4) If both climbers want to lead the route: 1st climber leads on 1 rope. At top, tie rope to anchor (helpful later on if you leave a 1m tail, and if you don't tie it to the last link or lowering biners), and rap single-strand to base. (If the route wanders a bit, it's often easier to pull the rope up through the draws and drop it back down, rather than trying to unclip the draws as you rappel.) 2nd climber leads on 2nd rope. At the top, he ties the 2 ropes together and does a normal 2-rope rappel. This method works pretty well: No one has to climb with an extra rope hanging off them, though occasionally the tied off 1st rope will get in the way of the 2nd leader.

Hope this helps! Be safe, and ask others for help if you're confused. (Reading this comment should not be considered an adequate substitute to learning, hands-on, from guides, mentors, or more experienced climbers.)

[edited with a few minor additions ~1/27/2016 after receiving suggestions from a couple of people] Jan 8, 2016
J. Albers
J. Albers   Colorado
To whomever is stashing their tarp near the Winter Wall:

Please consider NOT stashing your tarp in the bushes below the wall. While I understand that Diablo is dusty and tarps are nice (I have used them in the past), stashing them in the bushes is problematic for a number of reasons.

1) It makes the place look trashy. I know that the NM climbing community is relatively small, but if everyone stashed a tarp, the place would look like crap....and no, just because the locals occasionally dump a sofa in the desert doesn't mean that we shouldn't treat the place better than they do.

2) Rodents can and will chew apart your tarp and leave litter EVERYWHERE. This is what happened to your tarp. Huge chunks of it were spread virtually all over the base of the crag making an absolute mess. I picked up what I could and hauled it out to the trash.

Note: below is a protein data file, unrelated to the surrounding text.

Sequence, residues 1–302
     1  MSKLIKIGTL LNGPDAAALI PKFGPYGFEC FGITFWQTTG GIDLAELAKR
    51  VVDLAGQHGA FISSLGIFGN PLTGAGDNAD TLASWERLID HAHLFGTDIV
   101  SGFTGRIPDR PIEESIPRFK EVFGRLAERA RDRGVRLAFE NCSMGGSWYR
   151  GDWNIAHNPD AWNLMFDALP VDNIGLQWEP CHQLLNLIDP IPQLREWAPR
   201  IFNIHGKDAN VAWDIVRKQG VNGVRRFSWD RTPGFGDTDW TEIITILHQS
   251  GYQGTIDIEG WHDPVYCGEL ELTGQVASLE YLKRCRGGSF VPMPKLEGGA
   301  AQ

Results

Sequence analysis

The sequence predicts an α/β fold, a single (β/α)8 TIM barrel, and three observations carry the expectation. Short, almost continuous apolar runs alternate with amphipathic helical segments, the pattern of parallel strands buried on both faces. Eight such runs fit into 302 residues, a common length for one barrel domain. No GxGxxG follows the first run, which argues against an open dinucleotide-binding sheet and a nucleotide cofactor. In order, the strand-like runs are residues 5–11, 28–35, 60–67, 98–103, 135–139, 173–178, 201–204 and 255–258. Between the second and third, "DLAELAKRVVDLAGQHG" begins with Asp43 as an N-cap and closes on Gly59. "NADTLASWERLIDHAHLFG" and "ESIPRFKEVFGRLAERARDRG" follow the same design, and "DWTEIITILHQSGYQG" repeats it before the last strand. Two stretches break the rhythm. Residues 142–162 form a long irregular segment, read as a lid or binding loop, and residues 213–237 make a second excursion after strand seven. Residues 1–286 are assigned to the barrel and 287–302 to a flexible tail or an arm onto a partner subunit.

In the future, I won't wait for the rodents to destroy tarps; I will simply be taking any tarps I find at the crag with me when I leave. If anyone posts up that they are missing their tarp, I would then be happy to return it to them.

Cheers. Jan 5, 2011
Highway to Hell had slings on the anchor bolts. We replaced these with chain later. The Old Sling Route uphill was named for a single sling in the crack. We wanted Bradshaw's guide to name the trad route right of Roid Boys. Mar 6, 2009
Jason Halladay
Los Alamos, NM
Jason Halladay   Los Alamos, NM  
Great point, Scott. As one that has recently established a new line on the winter wall and spent a great deal of time cleaning it, I know this to be true. Even after quite a bit of time cleaning it, I still heard a lot of people encountering loose rock.

A winter or two ago a large chunk of rock pulled loose on a leader on the very popular Post Moderate route resulting in a couple of broken ankles for the leader. This goes to show just how bad the rock can get due to its location and aspect (and relatively poor quality to begin with.)

In addition to new routers cleaning the routes as they put them in, I believe all climbers that climb on this wall should not just always wear a helmet but adopt a new attitude about climbing...the rock is dubious...tread lightly, lower expectations and bitch less about the route developers cleaning job. The rock is constantly "evolving". Jan 8, 2009
Scott Beguin
Santa Fe, NM
Scott Beguin   Santa Fe, NM
I don't remember a sling on Highway To Hell when we did it. You must be thinking of a different line. I know there was a sling on the offwidth left of Sun Devil. And the arete to the right had four bolts on it with a biner on the last one. That section was 5.7. I don't know who pt those in. Jan 8, 2009
Scott Beguin
Santa Fe, NM
Scott Beguin   Santa Fe, NM
If you do happen to establish new lines on this wall, cool. But please clean as much as possible before you actually install bolts and call it done. Be patient with it and do a good and thorough job. Don't just assume that it will clean up with the climbing of others on lead. This puts not only the climber, but the belayer in real danger. I have always believed that the helmet was a mandatory piece of gear at Diablo, especially the Winter Wall. Nuff' said. Jan 8, 2009
There were three routes (and one started) on this wall when Tom Wezwick and I came to the wall during the later 90s. The Original Face Route existed, there was a sling in the crack we called Old Sling, the crack now called Highway to Hell and the start of an arete to the right of Highway (about three bolts up). Apr 1, 2008